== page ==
The city has been rebuilt or reconstructed in Iraq. The actual ruins and artifacts are
likely buried under the reconstruction.

The Assyrian Empire

History >> Ancient Mesopotamia
The Assyrians were one of the major peoples to live in Mesopotamia during ancient times. They
lived in northern Mesopotamia near the start of the Tigris and Euphrates Rivers. The Assyrian
Empire rose and fell several times throughout history.

Map of the growth of the neo-Assyrian Empire

The First Rise

The Assyrians first rose to power when the Akkadian Empire fell. Click to see larger version
The Babylonians had control of southern Mesopotamia and the Assyrians had the north. One of
their strongest leaders during this time was King Shamshi-Adad. Under Shamshi-Adad the
empire expanded to control much of the north and the Assyrians grew wealthy. However, after
Shamshi-Adad's death in 1781 BC, the Assyrians grew weak and soon fell under control of the
Babylonian Empire.
Second Rise
The Assyrians once again rose to power from 1360 BC to 1074 BC. This time they conquered
all of Mesopotamia and expanded the empire to include much of the Middle East
including Egypt, Babylonia, Israel, and Cypress. They reached their peak under the rule of King
Tiglath-Pileser I.
The neo-Assyrian Empire

The final, and perhaps strongest, of the Assyrian Empires ruled from 744 BC to 612 BC. During
this time Assyria had a string of powerful and capable rulers such as Tiglath-Pileser III, Sargon
II, Sennacherib, and Ashurbanipal. These leaders built the empire into one of the most powerful
empires in the world. They conquered much of the Middle East and Egypt. Once again, it was
the Babylonians who brought down the Assyrian Empire in 612 BC.
Great Warriors
The Assyrians were perhaps most famous for their fearsome army. They were a warrior society
where fighting was a part of life. It was how they survived. They were known throughout the
land as cruel and ruthless warriors.
Two things that made the Assyrians great warriors were their deadly chariots and their iron
weapons. They made iron weapons that were stronger than the copper or tin weapons of some
of their enemies. They were also skilled with their chariots which could strike fear in the hearts
of their enemies.
The Library at Nineveh
The last great Assyrian king, Ashurbanipal, constructed a great library at the city of Nineveh. He
collected clay tablets from all over Mesopotamia. These included the stories of Gilgamesh, the
Code of Hammurabi, and more. Much of our knowledge of the Ancient civilizations of
Mesopotamia comes from the remains of this library. According to the British Museum in
London, just over 30,000 tablets have been recovered. These tablets make up around 10,000
different texts.
Interesting Facts About the Assyrians

The great cities of the Assyrian Empire included Ashur, Nimrud, and Nineveh. Ashur
was the capital of the original empire and also their main god.

Tiglath-Pileser III built roads throughout the empire to enable his armies and
messengers to travel quickly.

The Assyrians were experts at siege warfare. They used battering rams, siege towers,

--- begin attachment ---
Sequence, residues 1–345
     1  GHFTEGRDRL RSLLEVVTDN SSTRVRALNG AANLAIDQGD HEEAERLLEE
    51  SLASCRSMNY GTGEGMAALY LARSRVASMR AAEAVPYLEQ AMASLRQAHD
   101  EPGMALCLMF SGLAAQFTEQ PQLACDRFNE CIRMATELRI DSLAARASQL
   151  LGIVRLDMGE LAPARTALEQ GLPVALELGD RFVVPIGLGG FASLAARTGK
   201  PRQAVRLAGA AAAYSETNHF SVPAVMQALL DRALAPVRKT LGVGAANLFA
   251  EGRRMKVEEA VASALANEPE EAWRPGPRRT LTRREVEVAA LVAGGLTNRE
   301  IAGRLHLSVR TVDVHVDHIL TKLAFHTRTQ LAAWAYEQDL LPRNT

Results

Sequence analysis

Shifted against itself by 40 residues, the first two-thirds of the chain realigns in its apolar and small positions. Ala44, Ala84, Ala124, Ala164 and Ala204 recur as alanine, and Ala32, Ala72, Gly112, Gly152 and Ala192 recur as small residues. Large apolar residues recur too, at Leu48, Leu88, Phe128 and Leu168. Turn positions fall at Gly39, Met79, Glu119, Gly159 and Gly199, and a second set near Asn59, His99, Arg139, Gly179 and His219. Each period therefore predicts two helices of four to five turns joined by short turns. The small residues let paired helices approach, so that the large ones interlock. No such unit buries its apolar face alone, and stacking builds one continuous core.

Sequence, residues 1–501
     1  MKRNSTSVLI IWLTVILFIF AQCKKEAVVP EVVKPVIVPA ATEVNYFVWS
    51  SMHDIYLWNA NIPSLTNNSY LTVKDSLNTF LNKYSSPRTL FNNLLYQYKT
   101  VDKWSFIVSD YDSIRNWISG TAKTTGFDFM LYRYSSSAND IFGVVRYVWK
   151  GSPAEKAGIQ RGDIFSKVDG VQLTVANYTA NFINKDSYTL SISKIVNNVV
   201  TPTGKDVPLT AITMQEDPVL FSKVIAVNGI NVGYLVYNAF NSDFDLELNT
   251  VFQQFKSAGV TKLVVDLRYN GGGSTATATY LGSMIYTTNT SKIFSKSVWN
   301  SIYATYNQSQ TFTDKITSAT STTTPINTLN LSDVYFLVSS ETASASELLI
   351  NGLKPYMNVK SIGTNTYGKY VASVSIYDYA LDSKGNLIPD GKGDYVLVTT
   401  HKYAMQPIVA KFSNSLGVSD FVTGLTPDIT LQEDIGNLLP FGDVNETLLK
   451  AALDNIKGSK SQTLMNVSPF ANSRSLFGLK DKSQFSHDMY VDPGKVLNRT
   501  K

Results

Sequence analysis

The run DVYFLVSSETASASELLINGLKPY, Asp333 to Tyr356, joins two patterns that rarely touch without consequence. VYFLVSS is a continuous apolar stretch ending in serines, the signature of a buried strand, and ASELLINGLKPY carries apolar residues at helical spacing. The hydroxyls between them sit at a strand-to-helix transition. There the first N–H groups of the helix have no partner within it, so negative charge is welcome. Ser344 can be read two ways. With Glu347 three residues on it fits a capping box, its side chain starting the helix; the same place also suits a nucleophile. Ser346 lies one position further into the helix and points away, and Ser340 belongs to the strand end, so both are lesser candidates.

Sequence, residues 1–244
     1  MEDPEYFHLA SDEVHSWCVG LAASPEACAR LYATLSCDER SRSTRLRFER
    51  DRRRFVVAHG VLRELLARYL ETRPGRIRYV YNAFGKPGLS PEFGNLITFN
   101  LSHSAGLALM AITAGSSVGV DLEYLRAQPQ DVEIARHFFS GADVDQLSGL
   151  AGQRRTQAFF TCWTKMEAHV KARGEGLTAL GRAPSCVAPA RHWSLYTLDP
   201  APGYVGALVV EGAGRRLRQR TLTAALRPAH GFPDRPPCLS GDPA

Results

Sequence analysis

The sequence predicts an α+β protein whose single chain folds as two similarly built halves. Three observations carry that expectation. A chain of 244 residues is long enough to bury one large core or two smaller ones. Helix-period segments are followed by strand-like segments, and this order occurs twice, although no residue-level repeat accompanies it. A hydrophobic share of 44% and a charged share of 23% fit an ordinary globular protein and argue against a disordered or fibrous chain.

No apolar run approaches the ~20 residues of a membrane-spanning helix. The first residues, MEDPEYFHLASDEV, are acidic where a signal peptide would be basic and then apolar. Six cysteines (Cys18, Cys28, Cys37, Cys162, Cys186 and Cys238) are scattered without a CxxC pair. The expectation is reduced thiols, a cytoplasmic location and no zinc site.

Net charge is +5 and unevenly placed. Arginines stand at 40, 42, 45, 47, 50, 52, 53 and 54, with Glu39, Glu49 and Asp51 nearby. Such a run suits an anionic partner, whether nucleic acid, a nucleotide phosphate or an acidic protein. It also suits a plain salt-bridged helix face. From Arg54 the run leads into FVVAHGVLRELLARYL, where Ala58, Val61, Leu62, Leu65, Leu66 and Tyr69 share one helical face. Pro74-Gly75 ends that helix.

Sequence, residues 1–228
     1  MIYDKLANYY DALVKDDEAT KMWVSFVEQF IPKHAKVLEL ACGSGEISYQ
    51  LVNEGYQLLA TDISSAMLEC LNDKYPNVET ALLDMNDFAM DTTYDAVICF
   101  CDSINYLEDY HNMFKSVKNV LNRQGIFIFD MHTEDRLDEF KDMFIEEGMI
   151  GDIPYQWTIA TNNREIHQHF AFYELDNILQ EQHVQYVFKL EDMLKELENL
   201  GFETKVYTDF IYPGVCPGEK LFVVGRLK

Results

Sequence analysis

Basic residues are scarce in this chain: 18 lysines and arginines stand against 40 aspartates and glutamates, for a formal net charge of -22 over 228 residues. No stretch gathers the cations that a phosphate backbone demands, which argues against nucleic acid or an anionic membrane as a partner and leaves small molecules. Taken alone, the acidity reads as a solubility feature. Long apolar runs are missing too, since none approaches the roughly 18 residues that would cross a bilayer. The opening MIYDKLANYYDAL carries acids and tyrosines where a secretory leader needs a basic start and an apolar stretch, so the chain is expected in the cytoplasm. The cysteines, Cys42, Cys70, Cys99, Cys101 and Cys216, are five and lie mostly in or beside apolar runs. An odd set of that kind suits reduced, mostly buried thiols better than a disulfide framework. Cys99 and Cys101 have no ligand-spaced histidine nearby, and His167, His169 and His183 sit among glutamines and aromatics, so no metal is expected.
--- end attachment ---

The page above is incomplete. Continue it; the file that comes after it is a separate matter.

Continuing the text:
and other tactics such as diverting water supplies in order to take a city.

Their cities were strong and impressive. They had huge walls built to withstand a siege,
many canals and aqueducts for water, and extravagant palaces for their kings.

The Persian Empire


The first Persian Empire took control of the Middle East after the fall of the Babylonian Empire.
It is also called the Achaemenid Empire.

Cyrus the Great

The empire was founded by Cyrus the Great. Cyrus first conquered the Median Empire in 550
BC and then went on to conquer the Lydians and the Babylonians. Under later kings, the
empire would grow to where it ruled Mesopotamia, Egypt, Israel, and Turkey. Its borders would
eventually stretch over 3,000 miles from east to west making it the largest empire on Earth at
the time.
Different Cultures
Under Cyrus the Great, the Persians allowed the peoples they conquered to continue their lives
and cultures. They could keep their customs and religion as long as they paid their taxes and
obeyed the Persian rulers. This was different from how earlier conquerors such as the
Assyrians had ruled.
In order to maintain control of the large empire, each area had a ruler called a satrap. The
satrap was like a governor of the area. He enforced the king's laws and taxes. There were
around 20 to 30 satraps in the empire.
The empire was connected by many roads and a postal system. The most famous road was
the Royal Road built by King Darius the Great. This road stretched around 1,700 miles all the
way from Sardis in Turkey to Suza in Elam.
Although each culture was allowed to keep their own religion, the Persians followed the
teaching of the prophet Zoroaster. This religion was called Zoroastrianism and believed in one
main god called Ahura Mazda.
Fighting the Greeks
Under King Darius the Persians wanted to conquer the Greeks who he felt were causing
rebellions within his empire. In 490 BC Darius attacked Greece. He captured some Greek citystates, but when he attempted to take the city of Athens, he was soundly defeated by
the Athenians at the Battle of Marathon.